June 11, 2009

Hummer To Meet A Marxist Doom?

I’m still absorbing the news that the Sichuan Tengzhong Heavy Industrial Machinery Company Ltd, one of the giant industrial corporations that characterize present-day Chinese “socialism,” has purchased the Hummer brand from General Motors as the latter shuffles down the path blazed long ago by Studebaker and American Motors.

The Hummer is of course the vehicle sensible people love to hate: ugly, heavy, dangerous, gas-guzzling, polluting, military (in roughly the same sense as camouflage footsie pajamas) and a big fat macho fraud—-the damn thing is built on a regular GM SUV chassis, just like a plain old Chevy Colorado.

The psychological makeup of Hummer purchasers has been looked into more deeply, most succinctly by Ruben Bolling, the crackerjack creator of the Tom the Dancing Bug comic.

Click image for full-size view.

I, however, have an even more theoretical speculation on the fate of the Hummer, based on the old Marxist precept that changes in people’s consciousness tend to trail changes in material conditions. Let me draw first a brief analogy—when I spent a little time in West Africa in the early ‘80s, I met a couple of young guys, Komi and Kasimir, who were adherents of voudon (a/k/a voodoo). We talked about the belief system and they turned out to be followers of a particular fetiche or deity, which forbade them to eat anything cooked in a metal vessel or with metal utensils.

Kasimir and Komi told me of one the most dreaded of the voudon cults, whose fetiche was connected with smallpox, Its adherents would paint their faces white on sacred occasions and were feared for their ability to call disease down on enemies. Now this was only a decade since scientists and medical personnel had finally eradicated the disease in its last strongholds in Africa, so I asked if this group was still as feared as it had used to be. They both thought and said no, actually it was not as powerful and its fetiche not seen to be as deadly. Changes in consciousness trail changes in material conditions!

Back to the Hummer. The military’s HumVee was a star of the last substantial victory for the US military, Operation Desert Storm, the 1991 Gulf War. The Arnold Schwarzeneggers of the US felt uncontrollable lust and a civilian version was soon forthcoming, and became a GM product by 1998.

9/11-fueled war fever sent sales soaring even higher--for a while. But by early 2004 they were declining precipitously. I rather doubt that it was due to sudden environmental concerns among its target audience. I think what happened is that fairly early in the occupation of Iraq, it became clear that this mighty war wagon could be taken out by a couple of Baghdad teenagers with a big artillery round and a garage door opener. Whether people thought about it consciously or not, IEDs had taken the bloom off the rose.

I don’t know what Sichuan Tengzhong Heavy Industrial Machinery Company management is thinking. I can’t see a big Hummer comeback in the US and the contribution they’d make to China’s already horrific pollution boggles the mind. Indications are they plan to market these vehicular plug-uglies more heavily in developing nation markets. I can only say I hope they take a richly deserved bath on this venture.


Saoirse said...

Don't have much of an opinion on Hummers. I tend to think many people see their cars as a reflection of their status, class, etc. So some drive tahoes and denalis, other benzs and bimmers, volvos, prius and elements and fancy subarus. I will tell you that in Las Vegas I saw TONS of hummers and most of them were driven by women.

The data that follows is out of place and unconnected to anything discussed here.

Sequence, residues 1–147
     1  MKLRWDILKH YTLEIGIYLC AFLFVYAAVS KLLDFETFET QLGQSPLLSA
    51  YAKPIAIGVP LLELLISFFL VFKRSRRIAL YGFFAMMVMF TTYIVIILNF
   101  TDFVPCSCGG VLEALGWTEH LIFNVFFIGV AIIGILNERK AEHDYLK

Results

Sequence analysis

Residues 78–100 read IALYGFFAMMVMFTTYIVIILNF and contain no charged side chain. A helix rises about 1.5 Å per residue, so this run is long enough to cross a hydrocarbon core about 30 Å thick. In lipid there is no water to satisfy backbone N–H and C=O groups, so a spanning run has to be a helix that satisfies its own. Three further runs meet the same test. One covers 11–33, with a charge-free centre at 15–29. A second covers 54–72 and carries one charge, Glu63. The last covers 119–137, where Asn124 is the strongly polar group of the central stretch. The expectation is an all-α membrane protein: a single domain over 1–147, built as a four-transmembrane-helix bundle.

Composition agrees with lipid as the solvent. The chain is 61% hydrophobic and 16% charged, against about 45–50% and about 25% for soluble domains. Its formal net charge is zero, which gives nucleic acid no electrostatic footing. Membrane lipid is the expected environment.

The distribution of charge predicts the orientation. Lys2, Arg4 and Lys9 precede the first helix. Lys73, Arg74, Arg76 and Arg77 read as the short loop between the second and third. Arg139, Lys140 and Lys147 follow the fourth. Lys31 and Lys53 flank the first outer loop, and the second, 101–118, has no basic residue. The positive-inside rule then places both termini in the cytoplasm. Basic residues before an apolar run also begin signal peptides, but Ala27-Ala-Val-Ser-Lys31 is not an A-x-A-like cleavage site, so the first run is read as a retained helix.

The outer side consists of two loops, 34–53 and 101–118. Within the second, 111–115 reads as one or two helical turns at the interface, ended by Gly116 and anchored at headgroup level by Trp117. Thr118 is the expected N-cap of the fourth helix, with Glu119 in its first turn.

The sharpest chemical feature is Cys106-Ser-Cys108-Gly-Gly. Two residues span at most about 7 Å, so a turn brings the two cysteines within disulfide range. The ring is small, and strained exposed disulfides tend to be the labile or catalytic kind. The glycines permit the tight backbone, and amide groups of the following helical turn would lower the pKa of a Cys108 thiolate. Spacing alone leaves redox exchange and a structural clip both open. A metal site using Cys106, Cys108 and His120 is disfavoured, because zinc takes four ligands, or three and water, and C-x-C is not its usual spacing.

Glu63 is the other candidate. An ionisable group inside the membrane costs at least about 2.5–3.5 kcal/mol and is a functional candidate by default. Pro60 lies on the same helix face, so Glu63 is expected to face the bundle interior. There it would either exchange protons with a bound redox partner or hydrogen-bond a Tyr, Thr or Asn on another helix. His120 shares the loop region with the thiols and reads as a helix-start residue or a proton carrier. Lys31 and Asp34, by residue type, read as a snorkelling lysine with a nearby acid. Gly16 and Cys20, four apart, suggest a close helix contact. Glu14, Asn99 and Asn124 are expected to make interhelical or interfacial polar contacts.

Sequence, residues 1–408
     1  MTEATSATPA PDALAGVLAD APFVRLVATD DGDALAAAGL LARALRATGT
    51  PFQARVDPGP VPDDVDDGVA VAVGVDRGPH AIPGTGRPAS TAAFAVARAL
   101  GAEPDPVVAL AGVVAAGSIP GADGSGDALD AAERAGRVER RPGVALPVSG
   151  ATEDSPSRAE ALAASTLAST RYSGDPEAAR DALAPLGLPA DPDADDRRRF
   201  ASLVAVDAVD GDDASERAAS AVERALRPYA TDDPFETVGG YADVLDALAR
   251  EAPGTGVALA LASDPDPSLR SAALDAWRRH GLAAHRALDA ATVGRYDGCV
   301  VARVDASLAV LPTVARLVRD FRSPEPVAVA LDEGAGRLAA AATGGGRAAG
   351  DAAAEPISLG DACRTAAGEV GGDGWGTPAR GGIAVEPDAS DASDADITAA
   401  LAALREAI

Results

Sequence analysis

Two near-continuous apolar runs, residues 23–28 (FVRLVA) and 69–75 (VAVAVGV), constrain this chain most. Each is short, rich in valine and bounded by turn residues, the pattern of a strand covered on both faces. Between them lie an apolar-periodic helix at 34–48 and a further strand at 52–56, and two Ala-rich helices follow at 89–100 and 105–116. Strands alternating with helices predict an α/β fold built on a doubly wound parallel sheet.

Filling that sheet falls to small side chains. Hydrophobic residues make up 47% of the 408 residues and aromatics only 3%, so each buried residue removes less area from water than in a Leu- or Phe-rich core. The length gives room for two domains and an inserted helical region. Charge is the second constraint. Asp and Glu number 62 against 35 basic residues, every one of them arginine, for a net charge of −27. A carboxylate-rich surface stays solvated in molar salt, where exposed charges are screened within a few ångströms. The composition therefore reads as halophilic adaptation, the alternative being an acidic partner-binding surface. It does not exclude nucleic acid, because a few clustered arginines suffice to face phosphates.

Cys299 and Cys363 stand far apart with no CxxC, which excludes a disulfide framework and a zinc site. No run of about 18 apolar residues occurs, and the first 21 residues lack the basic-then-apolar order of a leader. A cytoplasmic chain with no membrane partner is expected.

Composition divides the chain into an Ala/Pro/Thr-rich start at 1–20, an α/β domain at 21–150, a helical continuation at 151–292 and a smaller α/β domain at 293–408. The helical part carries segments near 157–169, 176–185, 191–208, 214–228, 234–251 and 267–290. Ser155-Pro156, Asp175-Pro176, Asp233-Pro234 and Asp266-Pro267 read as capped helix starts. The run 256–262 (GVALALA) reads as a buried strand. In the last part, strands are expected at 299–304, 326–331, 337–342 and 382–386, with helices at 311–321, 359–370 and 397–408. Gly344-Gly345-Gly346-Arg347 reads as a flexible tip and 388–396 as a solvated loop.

Harilaos said...

I don't think anything's settled yet.

"A domestic company's purchase of the gas-guzzling Hummer brand is against China's economic situation and the country's development, said an official with the Development Research Center of the State Council, the country's Cabinet, Tuesday."


Rahim on the Docks said...

Here's the deal…

Everyone who can afford to own a personal vehicle fulfills self-image fantasies when buying a car. The Hummer may seem like the most extreme example, but at the port we unload cars that cost half-a-million-dollars (and more), so the search to "prove the size of my hardware" by the vehicle I drive (as Ruben Bollings' excellent cartoon explains it) actually has several more frightening examples.

As a former automobile assembler I can add that the merchandizing of a so-called "consumerized" Humvee has gone through a few steps. The H2 (which replaced the Hummer), as Jimmy points out, is built on a standard SUV chassis and is simply made to look wider so, in auto marketing terms, it has a "more aggressive profile." The newer H3 is built on the same S10 frame as the GM toy-pickup truck that began its life as the Chevy LUV in 1972 (a rebadged Isuzu, the KB) which was projected at the time as more fuel efficient in response to the oil crisis of that period.

The self-image thing, as Saoirse's comment indicates, takes many forms. A South Park cartoon (that framed its joke on environmental concern about smog) projected a "Smug" crisis-- the target audience for Toyota's Prius is people who want to feel good about themselves, feel like they're contributing something positive. Many engineers, on the other hand, feel smug about driving a "sensible" cheap vehicle. In US consumer culture there is nothing unique about buying a car to attempt to fulfill fantasies.

What all this tells us about the designs of the new capitalists who've overturned socialism in the PRC is a topic for deeper minds than mine.

DBF said...

I drive a Ford Focus. I like the Mini Cooper but I won't pay twice as much for a car because it's cute. There was an interesting article a few years ago in The New Yorker about why people buy big cars. It may explain why women buy Hummers as mentioned in a previous comment. here is the link to the article: